Wlliam Gilmore Simms
Southward Ho! A Spell of Sunshine >> Chapter IX / The Bride of Fate >> Page 140

image of pageExplore Inside

Page 140

Novel (Romance) | Redfield | 1854
Transcription 140 SOUTHWARD HO
but unwilling instrument for doing a mortal wrong to the heart
of another ; but she lacks the courage to refuse, to resist, to die
rather than submit. Her nature only teaches her submission;
and this is the language of the wo-begone, despairing glance,
but one which she bestows, in passing up the aisle, upon one
who stands beside a column, close to her progress, in whose
countenance she perceives a fearful struggle, marking equally
his indignation and his grief.
Giovanni Gradenigo was one of the noblest cavaliers of Yen-
ice´┐Żbut nobleness, as we know, is not always, perhaps not often,
the credential in behalf of him who seeks a maiden from her pa-
rents. He certainly was not the choice of Francesca's sire. The
poor girl was doomed to the embraces of one Ulric Barberigo, a
man totally destitute of all nobility, that. alone excepted which
belonged to wealth. This shone in the eyes of Francesca's
parents, but failed utterly to attract her own. She saw, through
the heart's simple, unsophisticated medium, the person of Giovanni
Gradenigo only. Her sighs were given to him, her loatliings to
the other. Though meek and finally submissive, she did not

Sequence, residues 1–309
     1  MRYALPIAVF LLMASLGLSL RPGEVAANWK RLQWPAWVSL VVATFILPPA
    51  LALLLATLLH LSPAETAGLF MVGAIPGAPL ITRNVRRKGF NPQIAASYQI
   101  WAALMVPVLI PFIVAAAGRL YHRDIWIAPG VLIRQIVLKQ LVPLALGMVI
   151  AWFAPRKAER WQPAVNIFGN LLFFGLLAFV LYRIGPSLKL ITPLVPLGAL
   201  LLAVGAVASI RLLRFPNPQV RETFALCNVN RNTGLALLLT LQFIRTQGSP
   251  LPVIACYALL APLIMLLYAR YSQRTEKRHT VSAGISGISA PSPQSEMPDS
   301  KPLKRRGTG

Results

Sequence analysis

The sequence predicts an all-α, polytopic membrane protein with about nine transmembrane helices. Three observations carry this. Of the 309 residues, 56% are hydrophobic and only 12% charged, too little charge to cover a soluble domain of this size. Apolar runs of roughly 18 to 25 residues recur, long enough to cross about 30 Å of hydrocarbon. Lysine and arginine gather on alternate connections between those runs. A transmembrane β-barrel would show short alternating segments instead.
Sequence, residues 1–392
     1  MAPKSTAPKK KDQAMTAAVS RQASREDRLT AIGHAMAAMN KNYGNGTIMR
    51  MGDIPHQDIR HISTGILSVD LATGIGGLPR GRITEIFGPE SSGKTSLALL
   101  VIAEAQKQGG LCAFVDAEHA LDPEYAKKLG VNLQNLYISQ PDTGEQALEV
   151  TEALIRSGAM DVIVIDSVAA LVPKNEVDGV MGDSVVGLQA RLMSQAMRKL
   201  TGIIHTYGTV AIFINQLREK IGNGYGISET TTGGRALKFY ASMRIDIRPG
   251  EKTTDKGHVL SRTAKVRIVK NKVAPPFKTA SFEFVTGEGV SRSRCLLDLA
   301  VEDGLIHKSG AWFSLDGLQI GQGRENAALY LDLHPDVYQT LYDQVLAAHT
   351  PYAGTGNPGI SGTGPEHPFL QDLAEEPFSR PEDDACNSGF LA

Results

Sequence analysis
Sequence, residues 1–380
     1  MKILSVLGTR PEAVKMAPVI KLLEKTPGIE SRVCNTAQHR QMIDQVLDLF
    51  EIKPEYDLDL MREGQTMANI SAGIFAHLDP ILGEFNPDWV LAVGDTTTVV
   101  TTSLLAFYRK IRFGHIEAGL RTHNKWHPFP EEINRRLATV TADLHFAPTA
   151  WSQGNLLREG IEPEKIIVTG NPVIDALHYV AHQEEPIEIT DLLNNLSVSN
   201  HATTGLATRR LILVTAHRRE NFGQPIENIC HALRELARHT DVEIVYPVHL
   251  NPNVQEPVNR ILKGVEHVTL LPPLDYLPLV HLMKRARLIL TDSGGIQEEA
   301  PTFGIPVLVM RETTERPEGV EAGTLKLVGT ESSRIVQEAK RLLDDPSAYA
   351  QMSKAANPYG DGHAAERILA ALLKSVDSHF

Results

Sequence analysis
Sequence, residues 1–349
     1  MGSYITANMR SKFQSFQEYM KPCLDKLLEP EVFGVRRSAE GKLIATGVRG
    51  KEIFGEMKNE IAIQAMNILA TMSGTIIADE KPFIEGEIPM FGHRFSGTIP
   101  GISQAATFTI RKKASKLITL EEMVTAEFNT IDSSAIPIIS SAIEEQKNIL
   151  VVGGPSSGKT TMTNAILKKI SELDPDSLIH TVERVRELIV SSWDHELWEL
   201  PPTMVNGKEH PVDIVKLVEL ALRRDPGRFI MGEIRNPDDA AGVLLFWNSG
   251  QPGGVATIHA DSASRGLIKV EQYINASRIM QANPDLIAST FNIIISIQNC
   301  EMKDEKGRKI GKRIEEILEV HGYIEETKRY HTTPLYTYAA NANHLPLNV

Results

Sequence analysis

yield without a remonstrance, without mingled tears and entreat-
ies, which were found unavailing. The ally of a young damsel
is naturally her mother, and when she fails her, her best human
hope is lost. Alas ! for the poor Francesca ! It was her moth-
er's weakness, blinded by the wealth of Ulric Barberigo, that
rendered the father's will so stubborn. It was the erring mother
that wilfully beheld her daughter led to the sacrifice, giving no
heed to the heart. which was breaking, even beneath its heavy
weight of jewels. How completely that mournful and despond-
ing, that entreating and appealing glance to her indignant lover,
told her wretched history. There he stood, stern as well as sad,
leaning, as if for support, upon the arm of his kinsman, Nicolo
Malapieri. Hopeless, helpless, and in utter despair, he thus lin-
gered, as if under a strange and fearful fascination, watching
the progress of the proceedings which were striking fatally,
with every movement, upon the sources of his own hope and
happiness. His resolution rose with his desperation, and he sud-
denly shook himself free from his friend.
I will not bear this, Nicolo," he exclaimed, " I must not suf-
fer it without another effort, though it be the last."